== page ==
Education Week - February 15, 2017 - 16
STATE of the STATES
Here are summaries of recent annual addresses
by governors around the country.
GOV. JERRY BROWN (D) * JAN. 23
In response to President Donald Trump and his aggressive
stance on immigration, Brown promised in his State of the
State speech to protect California's immigrants, pledging
that the state would "defend everybody-every man, woman,
and child-who has come here for a better life and has
contributed to the well-being of our state."
Several California school districts have pledged to
protect the status of their undocumented students, and
voters overwhelmingly voted in November to end nearly
20-year-old restrictions on bilingual education programs in
Brown also emphasized in his speech that he has added
"tens of billions" more dollars to the state's education budget.
Earlier in January, he proposed to increase his education
budget by more than $1 billion in fiscal 2018 despite an
expected state revenue shortfall.
DAAREL BURNETTE II
He didn't give much detail on the initiatives, however, or
any budget specifics.
Last month, Rauner and several Republican legislators
proposed a bill that would allow the state to take over the
financially struggling Chicago school system. Most notably,
the bill would allow the district to declare bankruptcy and
establish that the state would not be liable for the school
GOV. LARRY HOGAN (R) * FEB. 1
The governor gave K-12 education funding a high profile
in his State of the State address, saying that in addition to
fully funding the legislature's K-12 funding formula this
year at a proposed $6.4 billion, his budget proposal includes
$334 million for school construction.
He also advocated passage of a bill that would facilitate
charter school approvals in Maryland, and pushed to add
$2 million to a $5 million voucher program that lets lowincome students attend private schools. That investment
would help children who are "trapped in persistently failing
schools," Hogan said.
GOV. BRUCE RAUNER (R) * JAN. 27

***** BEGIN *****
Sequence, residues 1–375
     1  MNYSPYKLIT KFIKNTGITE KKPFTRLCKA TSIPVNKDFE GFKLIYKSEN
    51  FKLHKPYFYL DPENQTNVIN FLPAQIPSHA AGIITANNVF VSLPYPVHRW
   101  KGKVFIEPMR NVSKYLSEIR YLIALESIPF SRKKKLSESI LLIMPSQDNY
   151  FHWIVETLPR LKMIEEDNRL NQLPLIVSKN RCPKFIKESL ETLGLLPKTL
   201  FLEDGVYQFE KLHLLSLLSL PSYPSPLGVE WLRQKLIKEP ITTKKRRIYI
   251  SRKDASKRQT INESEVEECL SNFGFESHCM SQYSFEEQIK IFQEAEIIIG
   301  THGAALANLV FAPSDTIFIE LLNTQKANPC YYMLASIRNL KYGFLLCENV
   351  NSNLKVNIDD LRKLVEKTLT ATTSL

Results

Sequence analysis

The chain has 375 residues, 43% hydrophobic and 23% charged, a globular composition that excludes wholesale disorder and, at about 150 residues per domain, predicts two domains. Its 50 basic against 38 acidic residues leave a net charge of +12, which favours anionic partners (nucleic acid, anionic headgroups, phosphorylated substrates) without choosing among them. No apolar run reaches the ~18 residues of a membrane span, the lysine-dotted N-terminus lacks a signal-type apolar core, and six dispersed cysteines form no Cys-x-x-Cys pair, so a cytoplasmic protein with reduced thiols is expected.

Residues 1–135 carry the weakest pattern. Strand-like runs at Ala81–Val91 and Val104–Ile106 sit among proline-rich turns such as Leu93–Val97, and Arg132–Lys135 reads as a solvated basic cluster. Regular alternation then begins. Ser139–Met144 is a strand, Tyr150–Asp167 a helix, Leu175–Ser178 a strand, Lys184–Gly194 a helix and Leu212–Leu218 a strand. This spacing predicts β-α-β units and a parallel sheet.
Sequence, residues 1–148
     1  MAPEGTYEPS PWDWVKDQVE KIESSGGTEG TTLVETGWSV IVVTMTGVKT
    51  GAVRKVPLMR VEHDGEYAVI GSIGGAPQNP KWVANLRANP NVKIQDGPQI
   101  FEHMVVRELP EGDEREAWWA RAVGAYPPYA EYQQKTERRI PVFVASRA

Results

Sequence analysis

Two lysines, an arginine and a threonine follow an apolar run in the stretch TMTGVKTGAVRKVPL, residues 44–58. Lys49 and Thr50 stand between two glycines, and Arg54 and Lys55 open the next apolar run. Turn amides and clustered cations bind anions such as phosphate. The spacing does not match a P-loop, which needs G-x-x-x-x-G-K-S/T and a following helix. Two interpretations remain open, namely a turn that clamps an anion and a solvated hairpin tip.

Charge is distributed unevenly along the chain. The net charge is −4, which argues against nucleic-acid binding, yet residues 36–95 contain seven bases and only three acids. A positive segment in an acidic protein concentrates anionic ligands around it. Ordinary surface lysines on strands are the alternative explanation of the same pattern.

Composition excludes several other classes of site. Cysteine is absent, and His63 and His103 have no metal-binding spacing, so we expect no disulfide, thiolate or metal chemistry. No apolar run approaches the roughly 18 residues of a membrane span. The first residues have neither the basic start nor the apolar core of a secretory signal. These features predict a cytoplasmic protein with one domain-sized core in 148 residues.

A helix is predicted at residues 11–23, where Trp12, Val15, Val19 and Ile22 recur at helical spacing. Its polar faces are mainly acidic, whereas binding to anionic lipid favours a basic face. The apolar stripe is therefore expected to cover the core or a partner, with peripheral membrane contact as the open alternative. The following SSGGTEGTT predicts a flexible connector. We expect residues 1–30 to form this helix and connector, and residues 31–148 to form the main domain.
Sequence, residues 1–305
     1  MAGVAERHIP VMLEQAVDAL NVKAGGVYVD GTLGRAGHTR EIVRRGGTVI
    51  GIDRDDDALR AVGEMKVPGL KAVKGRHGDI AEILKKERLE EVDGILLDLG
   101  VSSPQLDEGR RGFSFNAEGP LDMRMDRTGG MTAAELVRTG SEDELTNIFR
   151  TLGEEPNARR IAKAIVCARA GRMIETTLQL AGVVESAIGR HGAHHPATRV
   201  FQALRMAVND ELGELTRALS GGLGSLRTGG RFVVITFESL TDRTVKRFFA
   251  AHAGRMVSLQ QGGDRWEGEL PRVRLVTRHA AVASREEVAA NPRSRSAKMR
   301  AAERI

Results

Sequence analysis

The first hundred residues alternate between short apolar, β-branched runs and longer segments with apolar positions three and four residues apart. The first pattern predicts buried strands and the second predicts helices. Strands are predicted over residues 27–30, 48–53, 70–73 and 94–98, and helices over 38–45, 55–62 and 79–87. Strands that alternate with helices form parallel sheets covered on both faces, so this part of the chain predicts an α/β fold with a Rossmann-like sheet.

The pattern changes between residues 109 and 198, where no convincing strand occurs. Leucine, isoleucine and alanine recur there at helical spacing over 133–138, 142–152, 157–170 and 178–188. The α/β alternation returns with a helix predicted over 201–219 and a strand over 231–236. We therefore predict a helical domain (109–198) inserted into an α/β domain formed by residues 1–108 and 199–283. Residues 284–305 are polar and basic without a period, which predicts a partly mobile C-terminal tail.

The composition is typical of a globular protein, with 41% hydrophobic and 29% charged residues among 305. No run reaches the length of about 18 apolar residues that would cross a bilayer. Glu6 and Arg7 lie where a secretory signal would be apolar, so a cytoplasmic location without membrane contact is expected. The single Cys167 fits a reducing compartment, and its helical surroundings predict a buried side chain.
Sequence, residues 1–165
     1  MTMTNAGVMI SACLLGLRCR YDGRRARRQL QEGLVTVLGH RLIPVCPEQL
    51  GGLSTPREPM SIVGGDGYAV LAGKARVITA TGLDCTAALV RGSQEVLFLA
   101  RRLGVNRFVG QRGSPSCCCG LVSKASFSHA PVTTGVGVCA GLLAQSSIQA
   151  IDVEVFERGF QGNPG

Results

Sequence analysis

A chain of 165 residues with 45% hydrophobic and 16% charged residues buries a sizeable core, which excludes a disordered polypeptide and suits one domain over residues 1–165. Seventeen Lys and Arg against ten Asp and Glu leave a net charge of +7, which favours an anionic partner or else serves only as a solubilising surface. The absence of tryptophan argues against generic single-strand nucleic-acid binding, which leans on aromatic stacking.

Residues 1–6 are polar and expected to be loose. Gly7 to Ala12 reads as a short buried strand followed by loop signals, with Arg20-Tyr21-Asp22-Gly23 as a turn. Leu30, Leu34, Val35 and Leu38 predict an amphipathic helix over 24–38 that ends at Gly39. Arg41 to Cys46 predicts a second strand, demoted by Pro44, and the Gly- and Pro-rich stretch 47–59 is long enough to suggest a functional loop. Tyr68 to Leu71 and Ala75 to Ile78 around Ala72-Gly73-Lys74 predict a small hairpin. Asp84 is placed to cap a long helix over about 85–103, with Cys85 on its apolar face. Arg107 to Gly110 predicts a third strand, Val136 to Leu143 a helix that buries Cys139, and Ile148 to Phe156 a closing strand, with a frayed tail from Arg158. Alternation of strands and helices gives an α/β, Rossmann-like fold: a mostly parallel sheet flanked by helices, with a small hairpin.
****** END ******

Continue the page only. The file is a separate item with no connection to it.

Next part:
Education was a significant piece of the governor's
annual address to legislators, in which he outlined 10
long-term goals including expanding school choice for
children attending academically struggling schools,
building a "comprehensive, consistent, objective
student-growth measure not necessarily based on the
[Partnership for Assessment of Readiness for College and
Careers] exam," and growing the state's early-childhood
Rauner also said the state is "committed to eliminating
wasteful bureaucracy, putting more money into our
classrooms, freeing up our teachers to teach, and holding our
schools truly accountable for results."
GOV. CHARLIE BAKER (R) * JAN. 24
The governor encouraged lawmakers to create more
"empowerment zones," which allow decisionmaking at the
school level, rather than the district level, and "create more
flexibility," he said.
Baker previously supported a failed effort to lift the state's
cap on charter schools. He has praised empowerment zones,
modeled on an effort in Springfield, Mass., as a way to "allow
educators to make the changes necessary to provide a better
learning environment for our kids."
Baker also encouraged the state's board of education
to use its power to take over "struggling districts."
Existing takeovers of three districts have "demonstrated
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GOV. ANDREW CUOMO (D) * JAN. 17
The governor-who held a series of speeches on various
policy topics around the state this year, rather than a
single State of the State address-said in a speech in
Albany that he is proposing to increase K-12 education
spending by $1 billion for the 2017-18 fiscal year. The state
spends around $60 billion a year on K-12 education.
Cuomo also proposed on an earlier leg of the trip to
provide free tuition at state colleges and universities for
students whose families make less than $125,000.
"College is a mandatory step if you really want to be a
success," Cuomo said. "This society should say, 'We're going
to pay for college because you need college to be successful.' "
GOV. TOM WOLF (D) * FEB. 7
In his third budget address to the Pennsylvania
legislature, Wolf touted recent efforts to restore the previous
administration's "devastating" cuts to education funding and
pledged $125 million in new state money for K-12 schools.
Wolf's budget proposal also called for $75 million in new
money for early-childhood education.
"Parents and teachers will no longer have to spend their
summers worrying about whether the school doors will open
in September," he said, referring to several years marked by
school-budget crises across the state.
The $32.3 billion spending plan for fiscal year 2018
includes $12.8 billion for pre-K-12 education. It would need to
be approved by the state's Republican-controlled legislature.
Read online compilation & links to full speeches.
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16 | EDUCATION WEEK | February 15, 2017 | www.edweek.org
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that state takeovers can offer significant benefits to
students, parents, and teachers in schools that need our
support," Baker said.
any field, the best learners
(and teachers) stress-test assumptions.
The profound often hides within absurd,
even heretical, experiments."